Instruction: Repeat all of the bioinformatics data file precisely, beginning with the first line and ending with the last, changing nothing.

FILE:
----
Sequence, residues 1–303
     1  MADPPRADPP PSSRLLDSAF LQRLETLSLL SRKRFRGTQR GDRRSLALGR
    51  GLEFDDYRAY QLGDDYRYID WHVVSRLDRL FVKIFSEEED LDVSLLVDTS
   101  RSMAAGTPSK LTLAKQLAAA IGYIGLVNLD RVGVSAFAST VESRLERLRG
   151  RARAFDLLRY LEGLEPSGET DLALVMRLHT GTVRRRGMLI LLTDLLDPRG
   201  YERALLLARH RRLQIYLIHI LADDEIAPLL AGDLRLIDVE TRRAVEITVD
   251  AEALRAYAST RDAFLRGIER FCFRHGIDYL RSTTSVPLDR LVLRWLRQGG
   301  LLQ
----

Sequence, residues 1–303
     1  MADPPRADPP PSSRLLDSAF LQRLETLSLL SRKRFRGTQR GDRRSLALGR
    51  GLEFDDYRAY QLGDDYRYID WHVVSRLDRL FVKIFSEEED LDVSLLVDTS
   101  RSMAAGTPSK LTLAKQLAAA IGYIGLVNLD RVGVSAFAST VESRLERLRG
   151  RARAFDLLRY LEGLEPSGET DLALVMRLHT GTVRRRGMLI LLTDLLDPRG
   201  YERALLLARH RRLQIYLIHI LADDEIAPLL AGDLRLIDVE TRRAVEITVD
   251  AEALRAYAST RDAFLRGIER FCFRHGIDYL RSTTSVPLDR LVLRWLRQGG
   301  LLQ